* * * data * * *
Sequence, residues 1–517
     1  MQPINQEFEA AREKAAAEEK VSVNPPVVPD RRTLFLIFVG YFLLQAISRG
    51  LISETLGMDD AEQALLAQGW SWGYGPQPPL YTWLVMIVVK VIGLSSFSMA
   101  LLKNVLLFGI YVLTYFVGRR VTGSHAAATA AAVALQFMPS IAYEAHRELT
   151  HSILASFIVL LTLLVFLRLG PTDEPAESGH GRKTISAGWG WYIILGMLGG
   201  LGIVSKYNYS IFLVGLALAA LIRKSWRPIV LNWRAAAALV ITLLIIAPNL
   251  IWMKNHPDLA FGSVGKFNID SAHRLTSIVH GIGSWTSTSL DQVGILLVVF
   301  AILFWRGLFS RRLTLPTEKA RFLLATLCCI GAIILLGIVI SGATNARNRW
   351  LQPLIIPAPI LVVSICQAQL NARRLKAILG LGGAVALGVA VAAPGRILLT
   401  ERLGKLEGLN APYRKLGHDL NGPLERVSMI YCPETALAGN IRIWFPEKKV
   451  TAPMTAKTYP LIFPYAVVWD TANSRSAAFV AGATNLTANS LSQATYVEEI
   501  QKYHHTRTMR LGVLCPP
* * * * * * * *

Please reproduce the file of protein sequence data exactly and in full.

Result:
Sequence, residues 1–517
     1  MQPINQEFEA AREKAAAEEK VSVNPPVVPD RRTLFLIFVG YFLLQAISRG
    51  LISETLGMDD AEQALLAQGW SWGYGPQPPL YTWLVMIVVK VIGLSSFSMA
   101  LLKNVLLFGI YVLTYFVGRR VTGSHAAATA AAVALQFMPS IAYEAHRELT
   151  HSILASFIVL LTLLVFLRLG PTDEPAESGH GRKTISAGWG WYIILGMLGG
   201  LGIVSKYNYS IFLVGLALAA LIRKSWRPIV LNWRAAAALV ITLLIIAPNL
   251  IWMKNHPDLA FGSVGKFNID SAHRLTSIVH GIGSWTSTSL DQVGILLVVF
   301  AILFWRGLFS RRLTLPTEKA RFLLATLCCI GAIILLGIVI SGATNARNRW
   351  LQPLIIPAPI LVVSICQAQL NARRLKAILG LGGAVALGVA VAAPGRILLT
   401  ERLGKLEGLN APYRKLGHDL NGPLERVSMI YCPETALAGN IRIWFPEKKV
   451  TAPMTAKTYP LIFPYAVVWD TANSRSAAFV AGATNLTANS LSQATYVEEI
   501  QKYHHTRTMR LGVLCPP